Making Vaccines: Licensure, Recommendations and Requirements


Licensure, the first of three processes, involves gaining approval from the Food and Drug Administration (FDA). As a result, it is the longest of these processes. It can take years, even decades, before pharmaceutical companies can actually start providing the vaccine. For example, the varicella vaccine took about 11 years to be licensed by the FDA. The speed with which COVID-19 vaccines were made was a direct result of the global public health emergency. The additional resources removed the financial risk typically associated with vaccine development, thereby allowing for the timeline to be shortened by completing several stages in parallel. Unfortunately, some people were incorrectly left with the impression that the speed was the result of steps being skipped, which was not the case.

Vaccines are usually made by first showing that they are safe and effective in experimental animals. Once this is established, the vaccine becomes an Investigational New Drug (IND) and the company is given an IND license to further study the safety and effectiveness of the vaccine in adults, and eventually, children. Again, these trials typically take years, giving companies ample time to provide the FDA with proof of long-term safety and effectiveness.

Read more about pre-licensure studies »


The "recommendation" process begins only after the FDA licenses a vaccine. Doctors don't just decide to start giving the vaccine on their own. They seek the recommendations of the Advisory Committee on Immunization Practices (ACIP), which advises the Centers for Disease Control and Prevention (CDC), the Committee on Infectious Diseases of the American Academy of Pediatrics (AAP), and the American Academy of Family Physicians (AAFP), among others.

While the FDA licensure process involves determining the risks versus the benefits of a particular vaccine, the recommendation process considers the costs versus the benefits. Here's the distinction:

  • The FDA examines vaccine safety by considering whether there are any risks (negative effects) associated with the vaccine. They ask: "Do these risks outweigh the benefits of the vaccine or vice versa?"
  • In addition to considering the risks and benefits of a vaccine, the ACIP, AAP, AAFP and other groups of professionals, also examine the costs associated with immunizing all or just a segment of the population. For instance, with the chickenpox (varicella) vaccine: What is the cost of immunizing children compared with the potential savings in medical and non-medical costs from immunizing them? (An example of non-medical costs would be money lost by parents who miss work taking care of their child with chickenpox.)
  • Another part of the recommendation process is determining which groups of people within the population would benefit from the vaccine, and on what schedule the vaccine should be given. These decisions are made based on data previously presented to the FDA.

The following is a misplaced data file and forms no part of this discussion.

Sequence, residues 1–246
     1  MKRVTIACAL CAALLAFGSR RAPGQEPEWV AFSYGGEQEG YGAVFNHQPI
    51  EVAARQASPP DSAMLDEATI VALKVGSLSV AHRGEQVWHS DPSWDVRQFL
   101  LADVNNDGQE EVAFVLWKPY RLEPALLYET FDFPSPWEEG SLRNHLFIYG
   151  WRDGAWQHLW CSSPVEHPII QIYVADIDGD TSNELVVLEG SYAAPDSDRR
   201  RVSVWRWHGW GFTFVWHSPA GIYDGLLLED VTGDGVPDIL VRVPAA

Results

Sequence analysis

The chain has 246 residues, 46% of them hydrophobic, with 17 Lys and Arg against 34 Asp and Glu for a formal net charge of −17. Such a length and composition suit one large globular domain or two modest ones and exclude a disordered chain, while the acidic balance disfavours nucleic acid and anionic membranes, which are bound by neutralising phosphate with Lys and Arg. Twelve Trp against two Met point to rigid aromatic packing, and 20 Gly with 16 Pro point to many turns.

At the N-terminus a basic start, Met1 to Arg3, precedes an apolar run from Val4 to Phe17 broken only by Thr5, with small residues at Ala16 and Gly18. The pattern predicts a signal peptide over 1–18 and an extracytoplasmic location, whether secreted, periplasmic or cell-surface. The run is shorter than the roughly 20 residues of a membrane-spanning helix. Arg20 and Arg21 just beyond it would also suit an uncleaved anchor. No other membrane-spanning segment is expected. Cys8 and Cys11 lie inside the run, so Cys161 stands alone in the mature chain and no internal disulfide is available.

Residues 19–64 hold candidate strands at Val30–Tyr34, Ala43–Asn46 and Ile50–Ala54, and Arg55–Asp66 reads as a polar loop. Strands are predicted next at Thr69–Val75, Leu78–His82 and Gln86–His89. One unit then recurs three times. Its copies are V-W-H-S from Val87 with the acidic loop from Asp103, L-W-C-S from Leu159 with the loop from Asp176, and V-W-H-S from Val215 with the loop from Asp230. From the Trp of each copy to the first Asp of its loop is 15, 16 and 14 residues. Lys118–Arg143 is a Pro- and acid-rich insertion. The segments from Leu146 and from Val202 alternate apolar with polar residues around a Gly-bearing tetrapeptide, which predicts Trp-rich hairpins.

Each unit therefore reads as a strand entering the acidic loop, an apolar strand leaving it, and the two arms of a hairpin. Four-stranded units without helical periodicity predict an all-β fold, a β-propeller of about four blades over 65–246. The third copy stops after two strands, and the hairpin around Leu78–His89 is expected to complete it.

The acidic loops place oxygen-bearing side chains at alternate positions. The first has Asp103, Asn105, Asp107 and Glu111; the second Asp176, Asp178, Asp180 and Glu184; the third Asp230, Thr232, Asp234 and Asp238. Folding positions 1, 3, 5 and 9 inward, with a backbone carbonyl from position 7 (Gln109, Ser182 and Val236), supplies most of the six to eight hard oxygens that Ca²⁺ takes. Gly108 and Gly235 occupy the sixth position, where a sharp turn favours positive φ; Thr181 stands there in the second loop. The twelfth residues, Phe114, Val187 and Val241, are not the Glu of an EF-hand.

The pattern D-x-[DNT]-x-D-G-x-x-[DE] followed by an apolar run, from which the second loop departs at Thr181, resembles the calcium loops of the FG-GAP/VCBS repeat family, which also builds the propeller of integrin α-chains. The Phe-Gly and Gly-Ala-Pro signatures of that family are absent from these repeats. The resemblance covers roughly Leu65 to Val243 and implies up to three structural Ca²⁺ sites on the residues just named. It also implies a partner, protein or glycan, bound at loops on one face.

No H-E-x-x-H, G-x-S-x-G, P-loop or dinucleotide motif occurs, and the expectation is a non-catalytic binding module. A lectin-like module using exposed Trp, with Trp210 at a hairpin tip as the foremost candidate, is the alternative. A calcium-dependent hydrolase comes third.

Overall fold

To distinguish between routine and non-routine recommendations, categories have been established:

  • Category A recommendations should be used by everyone within a particular group.
  • Category B recommendations indicate that a vaccine can be used, but it is not routinely recommended for the population.

The important thing to remember about these categories is that they are developed based on societal factors. A parent deciding about vaccines may come to a different conclusion. Category B vaccines are safe and effective, and the cost is typically covered by insurers and government programs, so a parent might see it as an opportunity to further protect their child from a particularly fatal disease.

This conversation has become relevant for parents of teens as a vaccine that protects against meningococcal type B has been given a category B recommendation.

Watch a video in which Dr. Paul Offit describes the differences between the types of recommendations.


Just because a vaccine is recommended for use doesn't mean that it is required for use. State legislatures and health departments determine whether a vaccine is required. They examine the practicality of requiring it for every child within the state. Factored into this equation is whether a local or state government can afford to pay for the vaccines of children whose parents can't afford it.

From a parent's perspective, vaccine requirements shouldn't matter. If a vaccine is considered to be safe and effective by the FDA, and useful for children by groups like the ACIP, AAP and AAFP, then the vaccine is of value and should be given. Local healthcare budgets, although they determine whether a vaccine is to be required for school entry, have little to do with whether a vaccine is safe, effective and useful.

Hear Dr. Offit explain how vaccines are tested by watching this short video, part of the Talking About Vaccines with Dr. Paul Offit video series.

Reviewed by Paul A. Offit, MD on January 09, 2024

Materials in this section are updated as new information and vaccines become available. The Vaccine Education Center staff regularly reviews materials for accuracy.

You should not consider the information in this site to be specific, professional medical advice for your personal health or for your family's personal health. You should not use it to replace any relationship with a physician or other qualified healthcare professional. For medical concerns, including decisions about vaccinations, medications and other treatments, you should always consult your physician or, in serious cases, seek immediate assistance from emergency personnel.